Kummell’s Disease (Delayed Vertebral Body Compression Fracture)
Kummell’s disease manifests as a delayed collapse of a vertebral body, post-trauma. This condition was first noted by the German physician Hermann Kummell in 1891. The condition has been considered for many years to be a form of ischemic necrosis of the vertebral body. Avascular necrosis of a vertebral body is fairly rare as a stand-alone occurrence. It is currently recognized that the incidence of Kummel’s disease actually represents the development of a delayed compression fracture and subsequent development of ischemic necrosis (1). Initially the images of the vertebral body appear normal and without any loss of vertebral body height. The patient may not even remember the episode of trauma, as it may have seemed trivial at the time. Over a period of days to weeks, there is a progressive collapse of the vertebral body. The degree of compression may be rapid and severe.
Plain film radiographs may reveal only the progressive vertebral body collapse. Vertebral body compression, however, can have various causes, not the least of which is malignancy, either primary or metastatic. Underlying causes, such as malignancy or marrow replacement diseases, must be excluded. Fortunately, there is a sign that is usually readily seen on both CT or MRI (and sometimes be seen on plain film x-ray as well) that is supportive of Kummell’s disease rather than these other conditions This is the presence of an intraosseous vacuum cleft sign (2) which can be seen on advanced imaging. This cleft represents a collection of gas (air) within the vertebral body.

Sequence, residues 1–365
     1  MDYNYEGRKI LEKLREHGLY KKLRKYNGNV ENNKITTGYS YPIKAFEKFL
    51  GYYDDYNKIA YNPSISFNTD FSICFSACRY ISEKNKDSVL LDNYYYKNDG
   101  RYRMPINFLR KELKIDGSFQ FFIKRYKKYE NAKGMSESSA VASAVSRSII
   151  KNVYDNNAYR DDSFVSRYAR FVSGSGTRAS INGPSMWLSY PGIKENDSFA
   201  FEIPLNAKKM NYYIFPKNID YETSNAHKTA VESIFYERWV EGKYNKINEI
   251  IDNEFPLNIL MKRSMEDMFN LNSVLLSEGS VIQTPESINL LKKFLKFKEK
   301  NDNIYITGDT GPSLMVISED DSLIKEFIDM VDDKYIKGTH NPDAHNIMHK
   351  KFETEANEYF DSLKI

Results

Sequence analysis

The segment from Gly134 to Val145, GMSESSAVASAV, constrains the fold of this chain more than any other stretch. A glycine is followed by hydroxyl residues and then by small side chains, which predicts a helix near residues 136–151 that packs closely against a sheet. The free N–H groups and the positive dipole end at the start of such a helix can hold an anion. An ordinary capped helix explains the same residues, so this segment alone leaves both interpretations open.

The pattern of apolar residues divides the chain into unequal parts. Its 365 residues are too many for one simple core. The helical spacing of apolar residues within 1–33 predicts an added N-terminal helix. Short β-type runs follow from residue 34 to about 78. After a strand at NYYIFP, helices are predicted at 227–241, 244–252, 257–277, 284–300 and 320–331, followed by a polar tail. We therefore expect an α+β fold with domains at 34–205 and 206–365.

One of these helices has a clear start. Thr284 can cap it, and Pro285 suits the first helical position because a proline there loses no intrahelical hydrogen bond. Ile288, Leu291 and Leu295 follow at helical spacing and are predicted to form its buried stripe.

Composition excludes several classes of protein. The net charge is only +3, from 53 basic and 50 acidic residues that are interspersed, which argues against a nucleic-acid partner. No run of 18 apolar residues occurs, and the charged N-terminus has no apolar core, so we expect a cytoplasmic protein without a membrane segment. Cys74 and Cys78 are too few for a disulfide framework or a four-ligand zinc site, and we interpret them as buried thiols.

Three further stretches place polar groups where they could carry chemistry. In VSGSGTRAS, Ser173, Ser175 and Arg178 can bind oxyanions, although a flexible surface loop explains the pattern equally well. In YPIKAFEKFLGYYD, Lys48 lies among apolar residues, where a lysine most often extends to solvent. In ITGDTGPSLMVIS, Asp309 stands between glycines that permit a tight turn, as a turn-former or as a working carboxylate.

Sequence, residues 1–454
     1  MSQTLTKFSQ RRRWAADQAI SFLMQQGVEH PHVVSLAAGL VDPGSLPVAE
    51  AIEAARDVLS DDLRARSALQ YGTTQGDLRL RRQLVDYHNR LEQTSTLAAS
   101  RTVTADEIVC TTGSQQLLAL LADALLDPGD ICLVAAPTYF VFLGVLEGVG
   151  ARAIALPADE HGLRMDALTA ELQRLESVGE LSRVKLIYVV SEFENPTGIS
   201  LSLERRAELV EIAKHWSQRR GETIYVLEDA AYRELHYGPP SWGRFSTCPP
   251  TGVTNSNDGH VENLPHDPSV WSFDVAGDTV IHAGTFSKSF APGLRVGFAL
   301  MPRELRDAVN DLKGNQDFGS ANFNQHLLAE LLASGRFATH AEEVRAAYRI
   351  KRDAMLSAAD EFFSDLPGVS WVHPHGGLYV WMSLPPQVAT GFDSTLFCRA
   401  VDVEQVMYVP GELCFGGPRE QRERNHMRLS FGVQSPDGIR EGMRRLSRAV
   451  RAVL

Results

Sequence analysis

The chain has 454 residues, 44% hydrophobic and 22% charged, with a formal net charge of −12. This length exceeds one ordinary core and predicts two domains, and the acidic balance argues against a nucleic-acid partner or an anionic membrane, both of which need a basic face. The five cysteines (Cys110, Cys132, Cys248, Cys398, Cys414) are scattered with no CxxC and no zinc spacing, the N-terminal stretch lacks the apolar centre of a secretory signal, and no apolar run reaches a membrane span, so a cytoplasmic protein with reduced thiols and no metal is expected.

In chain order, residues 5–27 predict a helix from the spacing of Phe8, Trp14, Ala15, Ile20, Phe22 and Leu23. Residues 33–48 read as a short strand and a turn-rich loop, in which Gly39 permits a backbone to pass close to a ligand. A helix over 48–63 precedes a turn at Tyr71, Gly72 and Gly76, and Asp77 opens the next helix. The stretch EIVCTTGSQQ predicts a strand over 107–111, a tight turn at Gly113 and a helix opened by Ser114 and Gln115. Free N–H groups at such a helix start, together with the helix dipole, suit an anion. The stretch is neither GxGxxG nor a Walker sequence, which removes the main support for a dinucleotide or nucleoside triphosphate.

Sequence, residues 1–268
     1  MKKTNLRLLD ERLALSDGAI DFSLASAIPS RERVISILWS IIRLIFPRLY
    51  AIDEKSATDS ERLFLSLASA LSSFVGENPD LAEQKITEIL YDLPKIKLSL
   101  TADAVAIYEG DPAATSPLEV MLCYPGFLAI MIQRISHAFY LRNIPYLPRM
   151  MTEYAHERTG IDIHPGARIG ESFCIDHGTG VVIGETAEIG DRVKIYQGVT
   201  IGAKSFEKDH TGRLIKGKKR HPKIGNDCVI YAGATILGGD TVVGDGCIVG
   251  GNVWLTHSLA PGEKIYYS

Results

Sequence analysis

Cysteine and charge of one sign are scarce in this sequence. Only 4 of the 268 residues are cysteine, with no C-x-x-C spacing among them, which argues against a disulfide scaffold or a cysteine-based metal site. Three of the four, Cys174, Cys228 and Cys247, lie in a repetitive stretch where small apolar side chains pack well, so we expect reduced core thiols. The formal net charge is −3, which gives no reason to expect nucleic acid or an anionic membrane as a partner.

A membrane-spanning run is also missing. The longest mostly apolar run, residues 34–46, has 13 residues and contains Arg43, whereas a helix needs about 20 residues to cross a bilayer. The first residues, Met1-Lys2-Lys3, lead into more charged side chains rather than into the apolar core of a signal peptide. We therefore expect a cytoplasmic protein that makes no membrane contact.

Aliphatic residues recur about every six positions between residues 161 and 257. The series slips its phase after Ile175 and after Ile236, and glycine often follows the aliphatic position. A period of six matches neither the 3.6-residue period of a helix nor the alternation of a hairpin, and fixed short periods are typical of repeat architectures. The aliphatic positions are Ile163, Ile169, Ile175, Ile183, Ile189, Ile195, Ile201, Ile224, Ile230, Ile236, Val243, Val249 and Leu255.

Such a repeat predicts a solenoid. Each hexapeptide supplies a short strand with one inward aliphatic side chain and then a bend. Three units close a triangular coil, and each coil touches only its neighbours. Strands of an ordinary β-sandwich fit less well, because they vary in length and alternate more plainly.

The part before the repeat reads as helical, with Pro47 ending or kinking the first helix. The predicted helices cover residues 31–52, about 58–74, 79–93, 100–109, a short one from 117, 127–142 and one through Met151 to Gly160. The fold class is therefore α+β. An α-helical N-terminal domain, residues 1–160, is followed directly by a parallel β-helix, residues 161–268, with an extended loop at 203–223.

Figure 1 shows the presence of gas within a collapsed vertebral body on a lateral plain film x-ray image.
Figure 2 demonstrates gas within a thoracic spine segment (arrow 1) on a sagittal CT image, indicative of Kummell’s disease. There is gas within the anterior aspect of the intervertebral disc (arrow 2), which is representative of degeneration within the disc and should not be confused with the intraosseous gas of Kummell’s disease.
In figures 3 and 4 (T1 and T2 weighted sagittal images on MRI of lower thoracic spine), an arrow indicates the low signal intensity of gas within the anterior aspect of the vertebral body. There is retropulsion of the posterior aspect of the vertebral body.
Figure 5 is a fat-suppressed image, which highlights fluid surrounding the gas collection. This is manifested with high signal intensity (arrows 1) surrounding the low signal intensity gas (arrow 2). When undergoing MRI, these fluid collections may occur.
Figure 6 demonstrates multiple Kummell’s disease compression deformities on a T1 weighted image. Low signal intensity foci are seen anteriorly in these vertebral segments (indicated by the arrows).
Treatment options for delayed vertebral body collapse include vertebroplasty or stabilization.
1. Renfrew D.L.: Atlas of Spine Imaging, Philadelphia, Elsevier Science, 2003
- Yochum T.R.,Rowe L.J.: Essentials of Skeletal Radiology, ed 3. Philadelphia, Lippincott Williams & Wilkins, 2005